Review by Danny Wagner, Common Sense Education | Updated November 2016

Gone Home

Compelling narrative game fosters empathy, self-reflection

Subjects & skills
Skills
  • Communication & Collaboration
  • Character & SEL

Subjects
N/A
Grades This grade range is a recommendation by Common Sense Education and not the developer/publisher.
9-12
Common Sense says (See details)
Teachers say (1 Review)

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Pros: Relatable characters and an engrossing story promote deep reflection; a paragon of the genre.

Cons: Doesn't fit tidily into a regular class period, creative teachers are a must.

Bottom Line: If you’re searching for a unique way to analyze storytelling from a social and emotional angle, look no further.

Gone Home is not a typical game that you would include in the classroom; it takes some creativity to make it meaningful in the context of your subject. It's best played individually, from beginning to end, with no distractions. Since it can take well over 2 to 3 hours to complete, most teachers will need to break the game into separate playing sessions. In that case, have students make notes about what evidence they've found -- or what they are feeling either during or after each session. To organize students, provide them with goals or checkpoints to reach in each session. Once everyone is done, hold discussions about the overall themes as a larger group. If you're looking for ways to assess students, try using journals or better yet, annotated screenshots.

Be sure to check online for how other teachers have adapted the game to their content classes. You'll find lessons that get students investigating the culture of the 90's, providing a critical analysis of evidence, writing a game review, and examining the literary strategy of revealing character through setting.

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Gone Home is a narrative-driven exploration game that embraces a non-traditional model of storytelling. The year is 1995 and you’ve come home from being abroad to find the house deserted; it’s up to you to figure out what's happened. Instead of battling monsters or leveling up, you walk from room to room, analyzing household objects and reading bits of notes left by your family members.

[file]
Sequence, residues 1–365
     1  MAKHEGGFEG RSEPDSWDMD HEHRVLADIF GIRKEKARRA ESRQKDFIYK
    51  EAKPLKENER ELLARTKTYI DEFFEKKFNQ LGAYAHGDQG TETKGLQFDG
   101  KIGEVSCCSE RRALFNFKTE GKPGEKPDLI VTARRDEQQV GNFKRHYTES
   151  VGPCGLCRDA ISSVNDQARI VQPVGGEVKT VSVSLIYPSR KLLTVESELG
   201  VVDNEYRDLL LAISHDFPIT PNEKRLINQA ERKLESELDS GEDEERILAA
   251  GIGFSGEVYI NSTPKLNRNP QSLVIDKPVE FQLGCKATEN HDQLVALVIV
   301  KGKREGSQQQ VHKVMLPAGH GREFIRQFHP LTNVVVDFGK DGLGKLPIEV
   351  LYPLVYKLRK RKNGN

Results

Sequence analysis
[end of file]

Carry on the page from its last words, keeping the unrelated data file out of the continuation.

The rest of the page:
There are no specific goals to pursue, instead you're compelled by curiosity and a sense of mystery. Where did everyone go? Why is my sister hiding? You're not left completely on your own, however. There's gentle guidance through the home by gated areas unlocked by finding keys or secret passages. As the tale unfolds, you uncover themes of love, life, and sexual orientation. Ultimately, it's a story about identity, and although there is a definite end to the game, ultimately much of the context and story details are left up to the player's imagination. 

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As dull as it may sound to play a game where you just examine, click, and read, Gone Home does a great job of building enough mystery and intrigue to keep you exploring. It’s surprising how easily this sort of voyeuristic experience can make you feel like you actually know the characters. The 90’s aesthetic is fun, but probably more of a novelty to those of us who lived through it, and won’t resonate as strongly with students. 

Gone Home will elicit very different reactions from players in the end, and it's there that learning can begin through meaningful discussion. Students will get a chance to experience someone else's perspective, and many will find the themes and struggles mirror their daily lives; it's an incredibly powerful empathy builder and discussion starter. The story itself is ripe for analysis about setting, character development, evidence, and theme, and the game context provides opportunity to discuss how game-based storytelling compares to literature and film. If you can swing it in your classroom, Gone Home is a can't miss opportunity for students to engage in thoughtful story analysis and personal contemplation.

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Overall Rating

Engagement Is the product stimulating, entertaining, and engrossing? Will kids want to return?

Like any good piece of art, it's not going to reach everybody. Regardless, the blend of breadcrumb narrative with open-ended exploration is a powerful cocktail. If you are willing to embrace a non-traditional game, you'll be entranced.

Pedagogy Is learning content seamlessly baked-in, and do kids build conceptual understanding? Is the product adaptable and empowering? Will skills transfer?

There's nothing more conducive to social and emotional learning than to get deeply immersed in a story and characters. By the end, you're more than likely to have reflected on your own life and choices.

Support Does the product take into account learners of varying abilities, skill levels, and learning styles? Does it address both struggling and advanced students?

Gameplay is intuitive and simple, letting the focus rest squarely on the strengths of the story. There is no help to get students connecting their experience to more meaningful learning: that's up to the teacher.


Common Sense Reviewer
Danny Wagner Common Sense Education

Teacher Reviews

(See all 1 reviews) (1 reviews) Write a review
Featured review by
Anuar Andres L. , Press
Press
Great game to teach all sorts of subjects

I also think we need to start building online courses with these games curricula, kinda like the Walking Dead course, since most teachers are not gonna have time to read 7 essays on how to implement Gone Home, so we need to make it easy for them. Having an online course that gives students the game, the assignments, forums, etc, would help streamline implementation for teachers.

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